Genetic Parameters for Visually Assessed Traits and Their Relationships to Wool Production and Liveweight in Australian Merino SheepHeritability was estimated for a range of visually assessed traits recorded on Merino sheep, together with the phenotypic and genetic correlations among the visually assessed traits and correlations of the visually assessed traits with measured wool production traits and liveweight. Data were derived from four research resource flocks, with a range of 12 958 to 57 128 records from animals with 478 to 1491 sires for the various traits. The estimates of heritability were high for the wool quality traits of handle, wool character and wool colour (0.33–0.34) and the conformation traits of face cover, neck wrinkle and body wrinkle (0.42–0.45), moderate for front leg structure (0.18) and low for back leg structure (0.13). Fleece rot score had low heritability (0.14), while classer grade was moderately heritable (0.20). Estimates of genetic correlations among the visually assessed wool quality traits were low to moderate in size and positive (0.17–0.47). Genetic correlation estimates among the assessed conformation traits were generally very low, except for the genetic correlations between scores for neck and body wrinkle (0.92 ± 0.01) and front and back leg structure (0.31 ± 0.09). Fleece rot score had low positive genetic correlations with neck and body wrinkle scores (0.18 ± 0.05 and 0.15 ± 0.05, respectively) and classer grade (0.26 ± 0.06). Classer grade was slightly positively correlated with the wool quality traits (0.17–0.45) and leg structure traits (0.21–0.25). The genetic correlations among the visually assessed traits were generally neutral to favourable. The visually assessed wool quality traits had low to moderate favourable genetic correlations with mean and coefficient of variation of fibre diameter (0.19 –0.47), but negative correlations with clean wool yield (–0.26 to –0.37). Face cover was unfavourably correlated with staple length (–0.27 ± 0.04) and liveweight (–0.23 ± 0.02). Neck and body wrinkle scores were genetically associated with higher greasy (0.33–0.39) and clean fleece weights (0.19–0.22), greater coefficient of variation of fibre diameter (0.24–0.26) and fibre curvature (0.27–0.28), but with reduced yield (–0.26 to –0.28) and staple length (–0.34 to –0.41). Fleece rot score was genetically correlated with clean fleece weight (0.26 ± 0.05) and coefficient of variation of fibre diameter (0.27 ± 0.04). Classer grade was favourably correlated with greasy and clean fleece weights (–0.41 to –0.43), staple length (–0.29 ± 0.04), liveweight (–0.36 ± 0.03) and coefficient of variation of fibre diameter (0.27 ± 0.03). Most genetic correlations between the visually assessed traits and the measured production traits and liveweight were close to zero and less than 0.2 in magnitude. This study provides accurate values for the parameter matrix required to incorporate visually assessed traits into breeding objectives and the genetic evaluation programs used in the Australian sheep industry, allowing the development of breeding objectives and indexes that optimally combine visually assessed performance and measured production in Merino sheep.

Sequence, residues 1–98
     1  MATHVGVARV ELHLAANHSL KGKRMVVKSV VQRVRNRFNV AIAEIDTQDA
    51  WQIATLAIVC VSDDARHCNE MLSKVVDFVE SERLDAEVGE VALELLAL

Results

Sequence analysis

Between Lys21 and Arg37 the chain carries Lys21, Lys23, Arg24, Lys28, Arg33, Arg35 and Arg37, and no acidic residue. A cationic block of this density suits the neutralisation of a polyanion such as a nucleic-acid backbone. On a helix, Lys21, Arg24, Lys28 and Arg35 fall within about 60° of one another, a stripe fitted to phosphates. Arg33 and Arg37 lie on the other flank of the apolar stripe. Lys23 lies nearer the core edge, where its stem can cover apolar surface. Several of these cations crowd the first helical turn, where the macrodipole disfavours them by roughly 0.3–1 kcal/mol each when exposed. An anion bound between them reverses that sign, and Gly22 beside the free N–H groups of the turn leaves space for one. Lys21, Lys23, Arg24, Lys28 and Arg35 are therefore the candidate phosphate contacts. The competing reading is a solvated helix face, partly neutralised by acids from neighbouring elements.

- Genome-wide association studies (GWAS) provide a powerful approach for identifying quantitative trait loci without prior knowledge of location or function. To identify loci associated with wool production traits, we performed a genome-wide association study on a total of 765 Chinese Merino sheep (JunKen type) genotyped with 50 K single nucleotide polymorphisms (SNPs). In the present study, five wool production traits were examined: fiber diameter, fiber diameter coefficient of variation, fineness dispersion, staple length and crimp. We detected 28 genome-wide significant SNPs for fiber diameter, fiber diameter coefficient of variation, fineness dispersion, and crimp trait in the Chinese Merino sheep. About 43% of the significant SNP markers were located within known or predicted genes, including YWHAZ, KRTCAP3, TSPEAR, PIK3R4, KIF16B, PTPN3, GPRC5A, DDX47, TCF9, TPTE2, EPHA5 and NBEA genes. Our results not only confirm the results of previous reports, but also provide a suite of novel SNP markers and candidate genes associated with wool traits. Our findings will be useful for exploring the genetic control of wool traits in sheep.